Pope Benedict XVI implored the Syrian regime on Sunday to heed international demands to end the bloodshed and expressed hope that the joy of Easter will comfort Christian communities suffering because of their faith.
Benedict, struggling with hoarseness and looking tired, celebrated Mass on Christianity’s most joyous holy day on the flower-adorned steps of St Peter’s Basilica, before a crowd of faithful that swelled to far more than 100,000 by the end of the two-hour ceremony.
Only hours earlier, the pontiff, who turns 85 on Monday, had led a long nighttime vigil service in the church. There have been concerns over his health, and he has recently used a cane in public appearances. He no longer walks down the basilica’s long aisle, traveling instead aboard a wheeled platform pushed by aides.
At the end of Sunday’s Mass, Benedict moved to the basilica’s central balcony to read his Easter message “to the entire world,” as he put it, delivering a ringing -appeal for peace in Iraq, Syria and elsewhere in the Middle East, and in Africa, citing coup-struck Mali and Nigeria, where Christians and Muslims alike have been hit by terrorist attacks.
“May the risen Christ grant hope to the Middle East and enable all the ethnic, cultural and religious groups in that region to work together to advance the common good and respect for human rights,” the pope said.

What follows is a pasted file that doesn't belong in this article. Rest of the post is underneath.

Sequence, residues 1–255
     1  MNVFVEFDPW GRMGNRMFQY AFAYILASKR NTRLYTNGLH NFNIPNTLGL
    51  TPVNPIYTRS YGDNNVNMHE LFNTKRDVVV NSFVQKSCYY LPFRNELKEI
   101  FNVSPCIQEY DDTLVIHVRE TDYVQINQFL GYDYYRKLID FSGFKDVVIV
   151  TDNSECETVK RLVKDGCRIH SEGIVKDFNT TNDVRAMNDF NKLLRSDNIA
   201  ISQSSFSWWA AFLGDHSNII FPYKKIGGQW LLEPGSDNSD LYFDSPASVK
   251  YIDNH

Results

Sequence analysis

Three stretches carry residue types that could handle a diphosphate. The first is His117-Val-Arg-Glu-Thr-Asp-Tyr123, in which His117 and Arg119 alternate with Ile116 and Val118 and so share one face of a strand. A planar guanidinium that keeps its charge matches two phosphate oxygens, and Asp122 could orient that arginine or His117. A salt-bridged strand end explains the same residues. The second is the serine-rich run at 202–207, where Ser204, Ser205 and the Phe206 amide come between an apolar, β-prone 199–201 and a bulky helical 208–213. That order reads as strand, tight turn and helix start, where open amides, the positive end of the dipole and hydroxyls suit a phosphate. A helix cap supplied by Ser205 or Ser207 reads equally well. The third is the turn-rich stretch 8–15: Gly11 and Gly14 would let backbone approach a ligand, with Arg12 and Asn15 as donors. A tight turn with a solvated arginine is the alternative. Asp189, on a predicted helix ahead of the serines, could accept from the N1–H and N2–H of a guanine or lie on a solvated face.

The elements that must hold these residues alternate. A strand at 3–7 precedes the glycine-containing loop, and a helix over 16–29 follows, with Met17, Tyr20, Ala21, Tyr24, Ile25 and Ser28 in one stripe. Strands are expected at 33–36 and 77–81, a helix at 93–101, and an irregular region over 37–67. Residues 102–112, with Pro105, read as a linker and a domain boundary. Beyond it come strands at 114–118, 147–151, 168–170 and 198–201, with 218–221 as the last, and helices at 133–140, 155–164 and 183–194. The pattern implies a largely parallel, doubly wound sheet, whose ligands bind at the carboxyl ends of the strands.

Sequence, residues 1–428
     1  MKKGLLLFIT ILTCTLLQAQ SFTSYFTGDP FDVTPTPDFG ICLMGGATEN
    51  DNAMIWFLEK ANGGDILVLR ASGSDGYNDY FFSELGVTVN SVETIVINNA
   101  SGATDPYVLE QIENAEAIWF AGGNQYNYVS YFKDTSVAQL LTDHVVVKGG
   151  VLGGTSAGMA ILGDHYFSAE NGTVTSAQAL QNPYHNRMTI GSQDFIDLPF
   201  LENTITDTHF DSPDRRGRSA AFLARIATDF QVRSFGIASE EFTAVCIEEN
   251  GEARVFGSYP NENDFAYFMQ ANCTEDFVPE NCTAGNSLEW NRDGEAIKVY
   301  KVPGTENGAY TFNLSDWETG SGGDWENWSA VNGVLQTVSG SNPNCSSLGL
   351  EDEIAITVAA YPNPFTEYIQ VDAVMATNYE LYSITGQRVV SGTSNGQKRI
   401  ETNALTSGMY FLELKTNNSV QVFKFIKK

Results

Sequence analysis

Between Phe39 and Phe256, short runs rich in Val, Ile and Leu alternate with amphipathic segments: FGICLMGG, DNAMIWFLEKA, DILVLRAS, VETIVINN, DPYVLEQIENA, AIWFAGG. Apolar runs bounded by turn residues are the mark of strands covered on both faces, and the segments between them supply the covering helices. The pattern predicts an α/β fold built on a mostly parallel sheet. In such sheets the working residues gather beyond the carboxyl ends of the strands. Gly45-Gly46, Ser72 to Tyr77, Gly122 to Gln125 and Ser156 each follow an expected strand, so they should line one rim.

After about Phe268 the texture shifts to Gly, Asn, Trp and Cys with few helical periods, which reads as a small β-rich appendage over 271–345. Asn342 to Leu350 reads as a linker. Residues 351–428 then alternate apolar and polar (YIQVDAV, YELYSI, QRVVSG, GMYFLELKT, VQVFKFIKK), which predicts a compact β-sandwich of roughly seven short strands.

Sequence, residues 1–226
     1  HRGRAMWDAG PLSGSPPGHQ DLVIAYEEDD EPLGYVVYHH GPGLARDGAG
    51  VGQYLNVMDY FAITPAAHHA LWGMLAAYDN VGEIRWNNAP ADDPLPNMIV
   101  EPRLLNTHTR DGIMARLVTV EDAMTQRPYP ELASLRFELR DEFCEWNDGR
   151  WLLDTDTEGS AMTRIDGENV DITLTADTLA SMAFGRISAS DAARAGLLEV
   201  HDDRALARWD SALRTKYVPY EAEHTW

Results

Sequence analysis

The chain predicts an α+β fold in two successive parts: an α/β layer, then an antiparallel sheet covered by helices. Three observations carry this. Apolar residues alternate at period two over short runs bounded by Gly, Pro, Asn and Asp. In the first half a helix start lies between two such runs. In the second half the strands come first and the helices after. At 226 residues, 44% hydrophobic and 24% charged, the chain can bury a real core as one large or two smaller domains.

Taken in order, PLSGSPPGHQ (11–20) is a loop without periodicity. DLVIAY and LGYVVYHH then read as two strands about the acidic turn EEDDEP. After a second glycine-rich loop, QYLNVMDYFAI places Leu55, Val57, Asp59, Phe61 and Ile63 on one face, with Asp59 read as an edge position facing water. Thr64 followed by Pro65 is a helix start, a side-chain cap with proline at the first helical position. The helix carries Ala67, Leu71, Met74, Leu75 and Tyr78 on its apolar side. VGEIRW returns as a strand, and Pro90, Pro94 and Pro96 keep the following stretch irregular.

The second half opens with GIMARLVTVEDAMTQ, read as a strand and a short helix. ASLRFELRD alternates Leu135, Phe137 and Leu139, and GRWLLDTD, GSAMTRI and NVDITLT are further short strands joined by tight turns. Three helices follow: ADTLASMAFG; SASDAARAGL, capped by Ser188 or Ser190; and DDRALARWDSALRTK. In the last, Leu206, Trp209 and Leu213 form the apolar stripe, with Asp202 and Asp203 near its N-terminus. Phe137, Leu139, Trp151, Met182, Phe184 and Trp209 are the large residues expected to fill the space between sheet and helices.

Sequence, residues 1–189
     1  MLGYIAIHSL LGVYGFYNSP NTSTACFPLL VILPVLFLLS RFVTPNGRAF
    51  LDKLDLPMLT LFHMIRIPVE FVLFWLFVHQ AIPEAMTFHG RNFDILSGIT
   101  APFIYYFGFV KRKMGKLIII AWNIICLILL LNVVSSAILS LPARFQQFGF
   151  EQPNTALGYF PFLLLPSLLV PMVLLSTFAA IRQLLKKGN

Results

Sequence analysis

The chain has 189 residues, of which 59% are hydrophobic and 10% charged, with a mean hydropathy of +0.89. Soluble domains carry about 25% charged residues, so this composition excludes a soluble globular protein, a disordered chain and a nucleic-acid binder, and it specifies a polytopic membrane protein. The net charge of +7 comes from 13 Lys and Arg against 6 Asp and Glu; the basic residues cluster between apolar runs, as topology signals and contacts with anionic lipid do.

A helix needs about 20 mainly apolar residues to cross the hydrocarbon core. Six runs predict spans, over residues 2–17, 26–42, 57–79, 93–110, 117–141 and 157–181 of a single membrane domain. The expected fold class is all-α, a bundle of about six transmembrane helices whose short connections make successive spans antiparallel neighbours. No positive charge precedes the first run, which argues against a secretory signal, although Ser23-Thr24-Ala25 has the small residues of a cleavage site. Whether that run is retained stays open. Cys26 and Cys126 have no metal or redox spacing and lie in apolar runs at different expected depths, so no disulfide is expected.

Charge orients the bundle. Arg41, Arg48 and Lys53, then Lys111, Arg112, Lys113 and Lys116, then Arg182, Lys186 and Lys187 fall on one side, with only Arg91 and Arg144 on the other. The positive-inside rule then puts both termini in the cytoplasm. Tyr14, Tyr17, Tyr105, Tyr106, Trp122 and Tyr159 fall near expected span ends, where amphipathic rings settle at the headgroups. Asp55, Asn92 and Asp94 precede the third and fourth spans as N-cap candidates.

“Particularly in Syria, may there be an end to bloodshed and an immediate commitment to the path of respect, dialogue and reconciliation, as called for by the international community,” Benedict said, making Syria the first of several strife-torn countries he mentioned in his traditional “Urbi et Orbi” (Latin for “to the city and to the world”) Easter speech.
The Syrian government on Sunday appeared to be backing out of a ceasefire deal aimed at ending the country’s crisis, saying that it will not withdraw its troops from cities without written guarantees from armed groups that they will also lay down their weapons. UN estimates put the number of dead in that conflict at about 9,000 since it began in March last year.
Benedict also lamented that many Syrians who have fled the conflict are enduring “dreadful sufferings” and prayed that they would receive welcome and assistance.
Underlining the pope’s concern for the Middle East, the Holy See said on Sunday the pope would make a three-day pilgrimage to Lebanon in September, celebrating Mass in Beirut and encouraging bishops and other churchmen in the Middle East.
Christians throughout the world on Easter celebrate their belief that Jesus Christ rose from the dead after his crucifixion, and the day symbolizes hope.
Benedict said that Christ was “hope and comfort in a particular way for those Christian communities suffering most for their faith on account of discrimination and persecution.”
Sectarian violence in Iraq, often aimed at Christians, has prompted an exodus over the last years of many from the sizable Christian community there.
Benedict also prayed that God sustain the Christian community in Africa, where the Catholic Church has been enjoying vibrant growth in recent years.
“To Nigeria, which in recent times has experienced savage terrorist attacks, may the joy of Easter grant the strength needed to take up anew the building of a society which is peaceful and respectful of the religious freedom of its citizens,” he said.